Monday, January 20, 2014

Don't ask, don't get

By Joan

When I first wake, I slap on my glasses, pick up my phone from my nightstand and scroll through emails. I’ve got my eye open for agent emails from still-outstanding manuscripts – even though everyone knows emails are for rejection and phone calls are for offers of representation. Like many writers, I’m on mailing lists for publishing industry newsletters and literary magazines' calls for submissions and contests, such as Publisher’s Weekly, Writers’ Digest, The Bookseller (in case one day I want a London publishing job!), Ploughshares, Glimmer Train and Granta.

If I’m in recluse writer mode, I often delete these – write first, read about writing later! But Wednesday morning I was scrolling through my email and noticed a Ploughshares email which read:

Ploughshares Lit Mag (@pshares) mentioned you on Twitter!

I opened it up to see that Ploughshares had published my essay online in their Writing Lessons feature. I scrambled out of bed and went to tell my husband. Before I had a sip of coffee, I read and reread my essay, paced and jumped and screamed. Before re-Tweeting and Facebooking it (are these verbs yet?), I wisely waited for caffeine.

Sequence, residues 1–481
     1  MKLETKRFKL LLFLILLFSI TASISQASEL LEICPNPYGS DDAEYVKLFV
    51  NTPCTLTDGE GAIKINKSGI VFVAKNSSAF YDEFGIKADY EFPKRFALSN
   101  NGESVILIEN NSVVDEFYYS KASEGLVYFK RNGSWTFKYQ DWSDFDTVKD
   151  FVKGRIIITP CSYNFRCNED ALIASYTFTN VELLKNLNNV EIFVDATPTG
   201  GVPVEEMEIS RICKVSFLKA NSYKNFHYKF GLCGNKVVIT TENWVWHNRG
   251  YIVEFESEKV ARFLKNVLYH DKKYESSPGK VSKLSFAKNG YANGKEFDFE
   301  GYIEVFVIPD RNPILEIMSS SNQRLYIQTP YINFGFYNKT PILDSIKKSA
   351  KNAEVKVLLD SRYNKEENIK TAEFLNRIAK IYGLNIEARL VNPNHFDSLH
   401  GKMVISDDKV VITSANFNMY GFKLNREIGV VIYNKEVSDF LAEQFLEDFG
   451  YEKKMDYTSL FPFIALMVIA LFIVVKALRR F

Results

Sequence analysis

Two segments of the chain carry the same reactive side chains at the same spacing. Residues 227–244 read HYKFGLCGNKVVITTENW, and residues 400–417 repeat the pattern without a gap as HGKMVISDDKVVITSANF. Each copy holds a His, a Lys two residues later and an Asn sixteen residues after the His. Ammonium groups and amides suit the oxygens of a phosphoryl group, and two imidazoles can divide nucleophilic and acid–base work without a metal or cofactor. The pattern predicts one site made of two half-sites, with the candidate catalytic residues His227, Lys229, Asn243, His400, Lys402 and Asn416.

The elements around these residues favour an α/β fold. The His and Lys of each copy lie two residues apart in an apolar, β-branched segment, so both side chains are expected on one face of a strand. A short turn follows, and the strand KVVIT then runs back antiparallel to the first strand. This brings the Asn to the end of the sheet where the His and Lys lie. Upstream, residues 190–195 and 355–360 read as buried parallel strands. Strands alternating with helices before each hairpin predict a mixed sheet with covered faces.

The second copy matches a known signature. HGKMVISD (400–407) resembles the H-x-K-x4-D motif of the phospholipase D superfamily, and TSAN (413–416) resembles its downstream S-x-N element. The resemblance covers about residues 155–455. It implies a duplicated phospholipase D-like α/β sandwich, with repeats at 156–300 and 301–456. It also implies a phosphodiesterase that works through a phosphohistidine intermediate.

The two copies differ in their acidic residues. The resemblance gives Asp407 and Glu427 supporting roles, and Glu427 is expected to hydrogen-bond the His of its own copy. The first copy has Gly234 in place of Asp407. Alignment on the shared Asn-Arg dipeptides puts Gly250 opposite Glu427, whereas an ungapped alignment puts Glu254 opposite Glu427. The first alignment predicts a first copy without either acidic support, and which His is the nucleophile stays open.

At our last retreat, Pamela and I made a pact to submit something every month of 2014--to a contest or literary journal or writing program, and when our current manuscripts are ready, to literary agents. We both started early by submitting in December. Pamela was rewarded right away with a lovely essay she wrote about her Mom, published in the New York Times Magazine

Writing a novel is a long process with few rewards along the way. This week Susan shared some tips on setting writing goals. She wrote: “Not only does submitting your work keep you focused, it keeps you writing.”

So far in January, I’ve submitted a novel excerpt and the first two pages of my WIP for an online agent workshop. In February, I will submit a short story to another literary magazine and will likely apply for one or two summer workshops, as well as enter some contests in the spring. By year end, I hope to be submitting my new manuscript. Getting rewarded right away was definitely motivation to continue. Don’t ask don’t get, or in this case, don’t submit, don’t publish.

I’ll leave you with an inspiring clip posted on The Australian Writers' Centre's Writing Bar blog from Neil Gaiman, a true advocate for aspiring writers. 

In the clip he says:

“If you’re only going to write when you’re inspired, you may be a fairly decent poet, but you will never be a novelist.”


“... as quickly as you can, start telling the stories that only you can tell — because there will always be better writers than you, there will always be smarter writers than you … but you are the only you.” 

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